When a minor is accused of breaking the law, they will have to go through a process in juvenile court called Juvenile Delinquency proceedings. The court will consider certain factors such as the minor’s age, whether the minor has a criminal record and how serious the crime is.
WHAT HAPPENS WHEN A MINOR IS ARRESTED?
Once a minor is arrested several things can happen. The police can choose to make a record of the arrest and then release the minor back to his or her parents or guardian or send the minor to an agency that will care for the minor. The police can also choose to give the minor a Notice to Appear to meet with a probation officer, or they may detain the minor in some cases.
Once the minor meets with a probation officer, the probation officer may in some instances take no action and release the minor or allow the minor to enroll in and complete a voluntary program such as community service to avoid going to court. The probation officer may also elect to release the minor but recommend the case to the Orange County District Attorney who will determine if a case (petition) will be filed or the minor can be taken into custody while the recommendation is sent to the District Attorney.
THE DIFFERENCE BETWEEN JUVENILE COURT AND ADULT COURT
Juvenile proceedings are considered civil in nature, however the consequences are more consistent with those of crimes. Juvenile court places emphasis on rehabilitation while adult court places emphasis on the punitive aspect in addition to rehabilitation. Minors receive many of the same constitutional protections as adults. Unless there is a contested issue of fact or law, juvenile proceedings are conducted in an informal, nonadversarial atmosphere. Juvenile proceedings are generally confidential and are closed to the public unless otherwise requested by the minor and the minor’s parents.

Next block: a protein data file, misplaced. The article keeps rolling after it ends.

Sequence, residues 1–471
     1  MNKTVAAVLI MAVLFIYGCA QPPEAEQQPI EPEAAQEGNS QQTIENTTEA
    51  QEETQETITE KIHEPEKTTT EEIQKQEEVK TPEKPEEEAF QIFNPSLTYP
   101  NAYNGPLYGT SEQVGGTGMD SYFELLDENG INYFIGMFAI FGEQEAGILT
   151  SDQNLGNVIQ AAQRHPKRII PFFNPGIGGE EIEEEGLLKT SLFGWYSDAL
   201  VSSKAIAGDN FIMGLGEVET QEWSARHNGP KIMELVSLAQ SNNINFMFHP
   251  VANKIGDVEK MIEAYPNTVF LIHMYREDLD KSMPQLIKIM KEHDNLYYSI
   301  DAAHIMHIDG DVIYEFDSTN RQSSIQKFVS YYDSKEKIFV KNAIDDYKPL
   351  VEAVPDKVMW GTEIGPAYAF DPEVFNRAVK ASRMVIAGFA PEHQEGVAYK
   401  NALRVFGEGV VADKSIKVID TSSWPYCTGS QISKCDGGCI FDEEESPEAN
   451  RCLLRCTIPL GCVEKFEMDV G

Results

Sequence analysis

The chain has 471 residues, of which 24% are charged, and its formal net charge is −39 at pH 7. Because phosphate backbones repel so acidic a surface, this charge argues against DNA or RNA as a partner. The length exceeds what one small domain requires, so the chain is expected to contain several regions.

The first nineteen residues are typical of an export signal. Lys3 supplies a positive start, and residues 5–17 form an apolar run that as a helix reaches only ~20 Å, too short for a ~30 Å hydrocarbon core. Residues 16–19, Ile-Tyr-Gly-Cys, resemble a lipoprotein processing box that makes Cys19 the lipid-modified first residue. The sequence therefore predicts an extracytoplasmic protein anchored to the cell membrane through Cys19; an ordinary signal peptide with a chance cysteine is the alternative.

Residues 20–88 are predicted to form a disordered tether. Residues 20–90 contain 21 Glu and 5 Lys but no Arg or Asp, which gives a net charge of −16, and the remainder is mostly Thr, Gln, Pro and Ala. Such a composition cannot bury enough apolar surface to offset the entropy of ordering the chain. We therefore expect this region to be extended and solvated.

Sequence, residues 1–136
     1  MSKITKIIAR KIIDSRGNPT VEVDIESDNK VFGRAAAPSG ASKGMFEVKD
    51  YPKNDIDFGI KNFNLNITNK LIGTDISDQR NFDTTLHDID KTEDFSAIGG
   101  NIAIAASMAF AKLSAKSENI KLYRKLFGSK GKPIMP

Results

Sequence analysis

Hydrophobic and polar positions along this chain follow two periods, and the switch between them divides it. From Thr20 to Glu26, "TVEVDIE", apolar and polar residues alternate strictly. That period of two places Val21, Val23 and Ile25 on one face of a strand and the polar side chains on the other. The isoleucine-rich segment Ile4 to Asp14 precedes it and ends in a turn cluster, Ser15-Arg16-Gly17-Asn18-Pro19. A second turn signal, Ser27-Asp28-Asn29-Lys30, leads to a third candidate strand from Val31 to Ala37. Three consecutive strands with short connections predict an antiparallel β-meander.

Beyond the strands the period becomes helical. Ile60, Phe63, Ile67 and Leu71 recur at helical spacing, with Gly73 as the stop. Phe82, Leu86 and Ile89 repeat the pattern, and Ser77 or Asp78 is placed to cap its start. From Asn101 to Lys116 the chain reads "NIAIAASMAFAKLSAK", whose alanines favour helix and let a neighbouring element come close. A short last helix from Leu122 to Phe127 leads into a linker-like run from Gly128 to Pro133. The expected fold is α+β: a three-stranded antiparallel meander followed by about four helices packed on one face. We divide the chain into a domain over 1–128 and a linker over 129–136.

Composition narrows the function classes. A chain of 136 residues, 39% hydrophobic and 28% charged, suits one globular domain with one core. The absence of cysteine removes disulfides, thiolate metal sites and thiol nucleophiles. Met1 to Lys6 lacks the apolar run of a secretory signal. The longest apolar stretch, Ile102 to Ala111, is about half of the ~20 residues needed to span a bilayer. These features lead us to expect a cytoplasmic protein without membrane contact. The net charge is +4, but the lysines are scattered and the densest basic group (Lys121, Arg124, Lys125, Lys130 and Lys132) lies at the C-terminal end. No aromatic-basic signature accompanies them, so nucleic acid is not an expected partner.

Some other differences can be found in the terminology used in juvenile court and adult court. Some examples are:
- Bail Hearings in adult court are called Detention Hearings in juvenile court
- Juvenile offenders do not commit crimes, they commit delinquent acts
- a Complaint in adult court is called a Petition in juvenile court
- a Defendant is the equivalent to a Respondent in juvenile court
- in adult court they hold trials and jury trials where as in juvenile court they hold Adjudication Hearings where the judge holds the hearing and decides on the ruling
- A juvenile cannot be convicted of a crime in juvenile court. Instead the Petition is deemed Sustained. This means that if a minor with a juvenile record is ever asked whether they have been convicted of a crime they can truthfully answer they have not
In some cases where the offense is a very serious felony such as murder, attempted murder, rape, robbery, gang crimes, and others, a minor can be charged as an adult and the case can filed in adult court.